24-year-old Sifiso Dlamini has always been a sneaker fanatic. By the time he was 12 he owned 12 pairs of sneakers. Dlamini is now the founder and CEO of an up and coming street wear brand "Eish Hade", which focuses on designer footwear.
JOHANNESBURG, SOUTH AFRICA (JULY 26, 2012) (REUTERS) -South Africa's slow economic growth and double digits unemployment rate is prompting young creative entrepreneurs to come up with alternative ways of creating employment for themselves.
24-year-old Sifiso Dlamini from Soweto township started his own brand of hand made sneakers to fight unemployment in his area.
Dlamini is the founder and CEO of "Eish Hade", an aspiring street wear brand which manufactures sneakers.
Eish Hade loosely translates as "oops…I'm sorry" and is a term usually used in the townships in South Africa after stepping on someone's toes.
Dlamini has always been a sneaker fanatic. By the time he was 12, he owned 12 pairs of footwear.
But it was his mother who gave him inspiration to turn his passion into business.
"My mother had a sewing machine back when I was in high school so I used to practice stitching. She taught me how to stitch, to make straight stitches. So that's when I decided, I wanna make my own sneakers from scratch and then my mother told that if I wanna make my own sneakers that I should take an old shoe and disassemble it and just tear it apart and get an idea of how its put together, the basics," he said..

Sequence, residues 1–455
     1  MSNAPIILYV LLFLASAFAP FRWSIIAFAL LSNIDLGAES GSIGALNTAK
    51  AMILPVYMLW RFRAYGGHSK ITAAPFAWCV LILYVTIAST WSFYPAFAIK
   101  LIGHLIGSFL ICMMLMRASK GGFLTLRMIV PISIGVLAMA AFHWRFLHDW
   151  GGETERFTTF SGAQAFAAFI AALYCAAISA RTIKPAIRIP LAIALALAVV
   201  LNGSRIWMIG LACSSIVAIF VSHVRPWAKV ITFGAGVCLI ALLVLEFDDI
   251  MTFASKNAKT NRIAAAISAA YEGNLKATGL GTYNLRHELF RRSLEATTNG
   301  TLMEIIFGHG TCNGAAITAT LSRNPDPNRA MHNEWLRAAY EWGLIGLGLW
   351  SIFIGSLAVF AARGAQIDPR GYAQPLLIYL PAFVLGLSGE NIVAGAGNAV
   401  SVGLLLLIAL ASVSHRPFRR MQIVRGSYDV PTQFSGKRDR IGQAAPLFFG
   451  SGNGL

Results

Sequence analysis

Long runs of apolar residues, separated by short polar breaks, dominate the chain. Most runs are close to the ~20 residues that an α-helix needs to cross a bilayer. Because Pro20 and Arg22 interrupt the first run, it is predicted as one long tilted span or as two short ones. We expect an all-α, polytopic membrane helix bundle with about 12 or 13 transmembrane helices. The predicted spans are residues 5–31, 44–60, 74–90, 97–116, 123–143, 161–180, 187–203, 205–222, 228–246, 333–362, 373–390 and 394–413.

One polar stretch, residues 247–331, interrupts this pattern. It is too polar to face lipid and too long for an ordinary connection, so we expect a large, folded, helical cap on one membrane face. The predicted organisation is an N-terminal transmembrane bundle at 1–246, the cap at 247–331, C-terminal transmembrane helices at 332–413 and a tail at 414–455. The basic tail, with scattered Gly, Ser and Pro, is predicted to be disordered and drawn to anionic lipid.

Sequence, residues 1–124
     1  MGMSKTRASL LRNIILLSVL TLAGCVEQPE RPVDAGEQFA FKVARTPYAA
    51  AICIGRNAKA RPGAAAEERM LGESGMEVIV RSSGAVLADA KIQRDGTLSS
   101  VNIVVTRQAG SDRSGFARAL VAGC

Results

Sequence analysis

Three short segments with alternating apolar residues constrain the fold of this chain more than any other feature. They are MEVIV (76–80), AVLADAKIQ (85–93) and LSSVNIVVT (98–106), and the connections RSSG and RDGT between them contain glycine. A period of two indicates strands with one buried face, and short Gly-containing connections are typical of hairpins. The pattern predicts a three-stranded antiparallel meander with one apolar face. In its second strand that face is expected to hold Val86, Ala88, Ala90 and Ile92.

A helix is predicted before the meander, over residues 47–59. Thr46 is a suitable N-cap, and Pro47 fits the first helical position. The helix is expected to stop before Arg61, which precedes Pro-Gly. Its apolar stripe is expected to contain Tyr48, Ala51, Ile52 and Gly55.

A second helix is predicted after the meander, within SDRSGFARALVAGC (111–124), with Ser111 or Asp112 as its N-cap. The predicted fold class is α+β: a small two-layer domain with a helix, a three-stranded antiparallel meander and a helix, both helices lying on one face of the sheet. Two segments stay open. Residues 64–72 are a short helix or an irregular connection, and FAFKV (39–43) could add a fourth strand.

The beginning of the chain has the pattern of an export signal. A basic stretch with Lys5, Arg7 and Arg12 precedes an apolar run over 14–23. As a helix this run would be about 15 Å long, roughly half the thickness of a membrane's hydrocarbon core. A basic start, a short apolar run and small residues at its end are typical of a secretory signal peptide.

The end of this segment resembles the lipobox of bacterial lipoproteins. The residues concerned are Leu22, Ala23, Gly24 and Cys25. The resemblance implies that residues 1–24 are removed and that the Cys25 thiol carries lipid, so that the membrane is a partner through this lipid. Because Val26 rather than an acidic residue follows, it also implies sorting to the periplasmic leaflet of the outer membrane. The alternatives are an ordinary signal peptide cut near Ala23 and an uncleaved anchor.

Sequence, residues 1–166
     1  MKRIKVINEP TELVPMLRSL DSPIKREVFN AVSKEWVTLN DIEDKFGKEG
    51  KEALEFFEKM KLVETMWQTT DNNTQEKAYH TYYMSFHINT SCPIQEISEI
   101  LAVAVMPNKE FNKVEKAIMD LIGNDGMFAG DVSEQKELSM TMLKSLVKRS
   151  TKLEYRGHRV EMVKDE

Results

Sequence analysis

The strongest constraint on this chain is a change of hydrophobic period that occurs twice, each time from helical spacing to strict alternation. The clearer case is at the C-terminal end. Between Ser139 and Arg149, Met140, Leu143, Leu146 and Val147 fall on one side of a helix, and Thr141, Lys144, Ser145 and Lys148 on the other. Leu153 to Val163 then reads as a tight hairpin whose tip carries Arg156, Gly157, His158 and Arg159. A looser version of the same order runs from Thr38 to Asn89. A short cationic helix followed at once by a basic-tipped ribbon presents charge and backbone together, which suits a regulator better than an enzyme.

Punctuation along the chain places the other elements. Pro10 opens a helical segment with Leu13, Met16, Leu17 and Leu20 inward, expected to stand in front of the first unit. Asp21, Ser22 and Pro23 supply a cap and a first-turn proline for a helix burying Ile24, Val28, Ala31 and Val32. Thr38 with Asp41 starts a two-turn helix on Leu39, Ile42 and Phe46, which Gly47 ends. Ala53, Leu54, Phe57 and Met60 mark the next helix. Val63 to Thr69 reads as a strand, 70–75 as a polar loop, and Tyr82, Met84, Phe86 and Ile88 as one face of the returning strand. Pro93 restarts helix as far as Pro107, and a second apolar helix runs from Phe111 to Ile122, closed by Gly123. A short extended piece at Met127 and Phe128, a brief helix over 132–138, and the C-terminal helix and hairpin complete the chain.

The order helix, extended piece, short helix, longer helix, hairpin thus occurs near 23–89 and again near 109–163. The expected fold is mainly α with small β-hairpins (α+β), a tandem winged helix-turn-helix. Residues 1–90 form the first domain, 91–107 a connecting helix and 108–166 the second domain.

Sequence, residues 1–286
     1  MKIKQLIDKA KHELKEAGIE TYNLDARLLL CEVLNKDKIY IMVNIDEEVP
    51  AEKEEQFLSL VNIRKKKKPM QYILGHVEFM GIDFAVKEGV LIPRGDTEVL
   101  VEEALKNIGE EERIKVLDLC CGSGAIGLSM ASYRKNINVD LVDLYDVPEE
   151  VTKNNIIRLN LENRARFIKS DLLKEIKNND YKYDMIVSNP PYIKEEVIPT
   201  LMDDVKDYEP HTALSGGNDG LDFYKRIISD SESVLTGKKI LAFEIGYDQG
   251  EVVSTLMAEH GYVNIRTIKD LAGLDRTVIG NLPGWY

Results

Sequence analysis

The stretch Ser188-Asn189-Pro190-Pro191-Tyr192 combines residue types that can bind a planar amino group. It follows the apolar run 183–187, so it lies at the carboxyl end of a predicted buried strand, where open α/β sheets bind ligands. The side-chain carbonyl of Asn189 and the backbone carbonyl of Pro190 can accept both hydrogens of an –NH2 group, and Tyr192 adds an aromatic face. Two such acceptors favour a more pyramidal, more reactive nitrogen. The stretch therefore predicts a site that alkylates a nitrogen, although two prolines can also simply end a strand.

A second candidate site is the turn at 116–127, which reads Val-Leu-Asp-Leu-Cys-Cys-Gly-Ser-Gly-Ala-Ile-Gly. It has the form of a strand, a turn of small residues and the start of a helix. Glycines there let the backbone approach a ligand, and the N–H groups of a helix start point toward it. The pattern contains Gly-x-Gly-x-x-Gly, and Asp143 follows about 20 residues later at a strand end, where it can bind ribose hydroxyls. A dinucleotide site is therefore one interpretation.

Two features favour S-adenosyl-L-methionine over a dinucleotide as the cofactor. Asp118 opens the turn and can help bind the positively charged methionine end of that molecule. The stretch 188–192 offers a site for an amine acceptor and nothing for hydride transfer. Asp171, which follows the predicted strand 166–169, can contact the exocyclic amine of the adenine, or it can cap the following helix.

In recent months, manufacturing, which contributes about 15 percent to the gross domestic product in South Africa, shed 44,000 jobs during the first quarter, attesting to the struggle businesses face from waning growth in Europe, South Africa's main trading partner.
But Dlamini is not deterred by these numbers, as his business grows from strength to strength. His sneakers have also gained popularity outside South Africa.
"We get orders from here and Africa like Namibia, Lesotho, Zimbabwe, even overseas, we've had orders in Los Angeles but the problem is we do these sneakers handmade and it takes a while," he said.
The sneakers are currently priced at about $72 USD. Dlamini says that his next move is to increase capacity for production to meet the growing demand.
"Our challenge is that we are facing is getting machines to increase working production and be able to make bigger volumes so that we can supply everyone who wants sneakers," he said.
In the beginning, Dlamini was running his business informally, without proper administration and book-keeping. He was then discovered by small business mentor Michelle Combrink, who helped him to shape his business portfolio and improve efficiency.
As South Africa and other BRIC countries grapple with cheap Chinese shoe and textile exports, Combrink says the brand is set to flourish thanks to the uniqueness and customer-driven nature of its product.
"What I love about the sneaker industry is that they customize it for you. I will sit and say I would like a pair of sneakers that has these colors, this texture, this look and feel and they will come up with a design just for you and then I know when I go out there, I'm the only one with those sneakers, no one else has got that pair of sneaker,." she said.
Dlamini currently produces up to 30 pairs of sneakers per month.
He is hoping to be able to attract investors to expend his business and brand further in the near future.